Rituals can help us to take stock of our experience and to find some order amongst chaos. Some rituals in our culture are thousands of years old, weddings for example, while others are unique to a particular event or person; like the way Damien Mackenzie cracks that big smile right before he kicks a goal. The cool thing about rituals is that there is scientific evidence that they are extremely effective. You can adopt a ritual from somewhere or make your own.
We may not have a well known miscarriage ritual in New Zealand, but we do have a rich cultural history of do it yourself. To make your own DIY ritual all you need is a pre-planned place, time and action. Take your time. This ritual may be over in 10 minutes, be a work in progress, or be something that you do every year. It is up to you. You can share the ceremony with family and friends or perform it in solitude. However you go about your ritual it could make a real positive difference on how well you cope with the complex feelings associated with pregnancy loss.
Here are some ideas for the building blocks of your DIY ritual:
A special place:
The beach, next to a river, a church, your bedroom, your living room, your garden, your parents garden, under a tree, at the top of a mountain…
A specified time:
Pick a time. It could be a date that has particular significance to you, or just be a time that you can make free to focus on your ritual. Putting aside time for your ritual is an important acknowledgement of the significance of your loss.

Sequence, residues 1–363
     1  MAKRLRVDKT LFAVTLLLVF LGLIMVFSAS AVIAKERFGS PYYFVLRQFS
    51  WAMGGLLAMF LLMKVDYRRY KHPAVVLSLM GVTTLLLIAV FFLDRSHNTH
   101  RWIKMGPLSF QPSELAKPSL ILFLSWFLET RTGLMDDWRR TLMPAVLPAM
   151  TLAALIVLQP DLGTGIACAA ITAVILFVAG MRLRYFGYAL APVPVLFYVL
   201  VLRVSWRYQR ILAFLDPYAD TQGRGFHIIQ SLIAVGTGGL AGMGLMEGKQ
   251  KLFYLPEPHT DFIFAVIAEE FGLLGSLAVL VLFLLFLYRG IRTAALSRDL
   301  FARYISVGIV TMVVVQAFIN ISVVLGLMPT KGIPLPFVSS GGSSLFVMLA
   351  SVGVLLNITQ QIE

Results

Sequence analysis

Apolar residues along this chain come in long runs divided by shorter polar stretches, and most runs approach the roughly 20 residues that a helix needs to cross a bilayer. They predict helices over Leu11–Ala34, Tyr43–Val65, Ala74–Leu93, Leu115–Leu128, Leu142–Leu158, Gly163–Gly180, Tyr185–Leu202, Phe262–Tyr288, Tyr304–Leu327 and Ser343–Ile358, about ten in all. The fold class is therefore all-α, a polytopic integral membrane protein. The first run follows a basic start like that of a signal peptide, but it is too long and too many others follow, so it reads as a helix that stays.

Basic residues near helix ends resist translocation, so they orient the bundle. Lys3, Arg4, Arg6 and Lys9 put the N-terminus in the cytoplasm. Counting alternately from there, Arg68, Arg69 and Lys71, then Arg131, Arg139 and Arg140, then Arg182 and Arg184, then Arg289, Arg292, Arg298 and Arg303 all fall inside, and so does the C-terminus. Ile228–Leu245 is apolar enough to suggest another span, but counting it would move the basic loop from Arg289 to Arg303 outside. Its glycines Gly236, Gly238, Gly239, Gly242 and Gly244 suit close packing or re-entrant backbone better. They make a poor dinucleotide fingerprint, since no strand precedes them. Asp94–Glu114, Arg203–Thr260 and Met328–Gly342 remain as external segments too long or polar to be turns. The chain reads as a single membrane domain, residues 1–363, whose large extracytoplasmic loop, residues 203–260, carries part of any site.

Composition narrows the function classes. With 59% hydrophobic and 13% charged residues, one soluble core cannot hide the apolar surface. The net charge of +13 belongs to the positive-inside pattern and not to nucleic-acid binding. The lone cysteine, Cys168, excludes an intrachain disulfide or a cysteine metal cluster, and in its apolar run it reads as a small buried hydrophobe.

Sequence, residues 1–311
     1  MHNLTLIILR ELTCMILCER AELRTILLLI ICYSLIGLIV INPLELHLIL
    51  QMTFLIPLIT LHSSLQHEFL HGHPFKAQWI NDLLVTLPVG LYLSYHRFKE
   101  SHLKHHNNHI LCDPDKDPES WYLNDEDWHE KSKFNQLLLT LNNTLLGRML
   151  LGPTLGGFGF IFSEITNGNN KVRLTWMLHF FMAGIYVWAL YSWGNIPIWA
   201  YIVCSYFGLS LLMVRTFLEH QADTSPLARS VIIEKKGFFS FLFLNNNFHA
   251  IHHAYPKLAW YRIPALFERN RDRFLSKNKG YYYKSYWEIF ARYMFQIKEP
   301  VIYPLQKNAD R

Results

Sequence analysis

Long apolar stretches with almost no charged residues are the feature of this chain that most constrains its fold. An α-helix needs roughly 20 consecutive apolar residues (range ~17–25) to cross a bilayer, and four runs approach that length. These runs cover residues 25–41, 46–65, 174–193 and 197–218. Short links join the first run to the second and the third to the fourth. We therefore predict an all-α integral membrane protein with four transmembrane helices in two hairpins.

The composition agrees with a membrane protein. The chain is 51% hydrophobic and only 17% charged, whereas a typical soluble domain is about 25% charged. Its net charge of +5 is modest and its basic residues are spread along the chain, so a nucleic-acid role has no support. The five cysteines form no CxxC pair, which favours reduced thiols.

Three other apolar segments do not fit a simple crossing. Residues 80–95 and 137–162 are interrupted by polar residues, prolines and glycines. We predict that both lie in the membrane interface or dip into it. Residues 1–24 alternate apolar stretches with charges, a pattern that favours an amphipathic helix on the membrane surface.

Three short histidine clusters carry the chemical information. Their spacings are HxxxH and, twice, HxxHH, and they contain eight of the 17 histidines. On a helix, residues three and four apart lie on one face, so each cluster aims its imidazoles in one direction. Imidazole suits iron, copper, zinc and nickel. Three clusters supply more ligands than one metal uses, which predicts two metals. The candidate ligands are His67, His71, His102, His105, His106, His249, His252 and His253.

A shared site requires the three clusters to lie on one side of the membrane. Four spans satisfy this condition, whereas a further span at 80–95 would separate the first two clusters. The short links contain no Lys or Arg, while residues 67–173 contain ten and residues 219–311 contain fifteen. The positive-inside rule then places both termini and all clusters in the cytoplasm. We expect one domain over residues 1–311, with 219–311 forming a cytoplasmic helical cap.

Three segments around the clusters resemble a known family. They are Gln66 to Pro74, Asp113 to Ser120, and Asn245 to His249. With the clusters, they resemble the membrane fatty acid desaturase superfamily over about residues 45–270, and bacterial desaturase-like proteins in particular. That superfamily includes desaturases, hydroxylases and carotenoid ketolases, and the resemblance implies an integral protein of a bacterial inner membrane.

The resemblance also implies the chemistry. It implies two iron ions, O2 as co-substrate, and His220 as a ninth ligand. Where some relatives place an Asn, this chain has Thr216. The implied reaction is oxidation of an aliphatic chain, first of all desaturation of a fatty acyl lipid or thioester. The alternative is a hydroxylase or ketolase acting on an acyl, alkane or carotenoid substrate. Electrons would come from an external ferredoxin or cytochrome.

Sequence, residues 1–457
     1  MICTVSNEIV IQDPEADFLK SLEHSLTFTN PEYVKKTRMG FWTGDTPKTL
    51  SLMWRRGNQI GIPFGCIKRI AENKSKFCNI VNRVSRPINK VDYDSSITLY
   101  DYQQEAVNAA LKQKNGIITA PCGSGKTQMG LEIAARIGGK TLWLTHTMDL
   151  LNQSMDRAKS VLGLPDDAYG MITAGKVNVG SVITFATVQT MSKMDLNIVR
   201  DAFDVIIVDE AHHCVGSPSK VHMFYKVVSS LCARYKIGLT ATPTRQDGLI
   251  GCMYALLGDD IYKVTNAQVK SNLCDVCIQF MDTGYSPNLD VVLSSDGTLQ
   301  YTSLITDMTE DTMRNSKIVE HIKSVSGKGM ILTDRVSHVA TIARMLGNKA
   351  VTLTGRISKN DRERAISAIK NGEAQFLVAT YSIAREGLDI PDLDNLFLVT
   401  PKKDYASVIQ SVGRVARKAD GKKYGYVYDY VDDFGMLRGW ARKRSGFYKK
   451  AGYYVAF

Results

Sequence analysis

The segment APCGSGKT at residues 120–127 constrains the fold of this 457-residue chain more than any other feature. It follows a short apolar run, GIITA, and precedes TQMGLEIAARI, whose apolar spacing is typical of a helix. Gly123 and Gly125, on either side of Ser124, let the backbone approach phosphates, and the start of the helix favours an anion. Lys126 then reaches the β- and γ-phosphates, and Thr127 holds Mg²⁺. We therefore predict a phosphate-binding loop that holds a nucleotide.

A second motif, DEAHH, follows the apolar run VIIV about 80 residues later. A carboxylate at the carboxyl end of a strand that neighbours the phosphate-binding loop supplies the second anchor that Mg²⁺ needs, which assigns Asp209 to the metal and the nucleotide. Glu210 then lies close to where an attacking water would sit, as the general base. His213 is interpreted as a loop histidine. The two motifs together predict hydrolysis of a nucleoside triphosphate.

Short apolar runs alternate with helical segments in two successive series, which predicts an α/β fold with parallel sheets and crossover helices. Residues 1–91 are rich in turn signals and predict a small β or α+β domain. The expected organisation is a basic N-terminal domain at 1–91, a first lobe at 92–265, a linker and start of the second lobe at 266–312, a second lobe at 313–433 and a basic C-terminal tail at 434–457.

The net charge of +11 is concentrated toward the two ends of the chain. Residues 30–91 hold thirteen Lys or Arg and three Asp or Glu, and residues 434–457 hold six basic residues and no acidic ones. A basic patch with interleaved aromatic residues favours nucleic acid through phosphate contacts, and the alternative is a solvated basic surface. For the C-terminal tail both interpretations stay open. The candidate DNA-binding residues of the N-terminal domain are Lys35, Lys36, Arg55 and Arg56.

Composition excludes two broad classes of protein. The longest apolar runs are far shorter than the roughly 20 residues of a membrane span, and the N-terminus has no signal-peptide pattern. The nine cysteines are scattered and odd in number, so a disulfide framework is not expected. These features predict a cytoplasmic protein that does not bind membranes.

A specified action (or multiple actions):
Planting something, singing a song, holding hands, saying something, burying something, scattering something, meditation, making something (for example, a cairn of rocks or a knitted garment), pouring water over something, dancing, reading something aloud, blowing bubbles, lighting a candle...
We have gathered together some real life examples of Kiwi DIY pregnancy loss rituals:
"We placed our baby in a muslin cloth in a carved wooden case. We buried the wooden case under a tree planted for our baby on my parent's farm. We had our close family there for the planting of the tree. I wanted to say something but I couldn’t. My dad said, “lost but not forgotten” and I thought that was perfect. On my due date we picked some flowers from the garden and placed them next to the tree" - Corrine
"I printed a picture of our first scan and put it in the family album. That little baby was part of our lives and it’s nice to recognise them as part of the family." - Shea
"We collected flower petals from the garden and took them down to the river. We played a song from our wedding as we scattered the petals in the water. My mum took a photo of the petals being scattered. I now have that photo in a locket but it would be nice framed on the wall too." - Anonymous
If you have made your own miscarriage ritual we would love to hear about it xxx
#pregnancyloss #westernculturemiscarriage #miscarriage #miscarriagerituals #miscarriageceremony
Gino, F. & Norton, M. I. (2013). Why Rituals Work. Scientific American. https://www.scientificamerican.com/article/why-rituals-work/